1 July 2003 Spectral measurements of vertically and horizontally polarized UV sky distribution
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Abstract
Theoretical and experimental investigations of the effects of atmospheric aerosols on diffuse sky radiance in the visible and infrared range of the solar spectrum show that the retrieval of physical aerosol properties from intensity measurements of diffuse skylight leads to non-unique solutions for aerosol optical depth, complex refraction index and aerosol size distribution. Additional photopolarimetric radiance measurements have shown to add valuable information to intensity data, thus allowing a more specific determination of aerosol parameters. The extension of these retrieval algorithms to the UV range provides additional information, but requires the development of sophisticated radiative transfer models which account for polarization effects on molecular and aerosol scattering as well as for multiple scattering processes in the earth’s atmosphere. In order to provide a reference for these models, radiance measurements in the UV and visible range of the solar spectrum have been performed with a high resolution Bentham DTM300 double monochromator, equipped with a linear sheet polarizer. The measurements show strong differences between the directional distributions of horizontally and vertically polarized diffuse sky radiance of the upper hemisphere. Comparison between data taken at the Jungfraujoch (Switzerland, 3576 m a.s.l.) and in Thessaloniki (Greece, 20 m a.s.l.) under different atmospheric aerosol conditions reveals that aerosol Mie scattering effects horizontally and vertically polarized radiance in different ways, which confirms that photopolarimetric radiance data contain more information about aerosol properties than intensity measurements alone.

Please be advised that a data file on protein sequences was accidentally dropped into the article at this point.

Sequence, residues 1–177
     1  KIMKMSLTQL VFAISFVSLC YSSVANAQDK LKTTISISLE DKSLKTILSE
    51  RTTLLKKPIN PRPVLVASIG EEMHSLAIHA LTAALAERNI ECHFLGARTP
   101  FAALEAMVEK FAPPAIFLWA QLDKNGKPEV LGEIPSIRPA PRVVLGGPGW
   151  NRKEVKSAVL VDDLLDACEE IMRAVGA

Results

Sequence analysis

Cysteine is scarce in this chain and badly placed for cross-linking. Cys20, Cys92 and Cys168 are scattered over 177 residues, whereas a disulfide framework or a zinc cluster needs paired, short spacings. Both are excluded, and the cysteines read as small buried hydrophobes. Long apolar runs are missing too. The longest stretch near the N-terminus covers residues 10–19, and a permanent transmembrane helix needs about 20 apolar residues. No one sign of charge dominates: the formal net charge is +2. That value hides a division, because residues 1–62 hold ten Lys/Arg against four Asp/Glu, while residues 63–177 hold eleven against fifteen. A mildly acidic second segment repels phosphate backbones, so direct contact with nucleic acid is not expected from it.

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Mario Blumthaler, Mario Blumthaler, Martin Huber, Martin Huber, Josef Schreder, Josef Schreder, } "Spectral measurements of vertically and horizontally polarized UV sky distribution", Proc. SPIE 4896, Ultraviolet Ground- and Space-based Measurements, Models, and Effects II, (1 July 2003); doi: 10.1117/12.466155; https://doi.org/10.1117/12.466155
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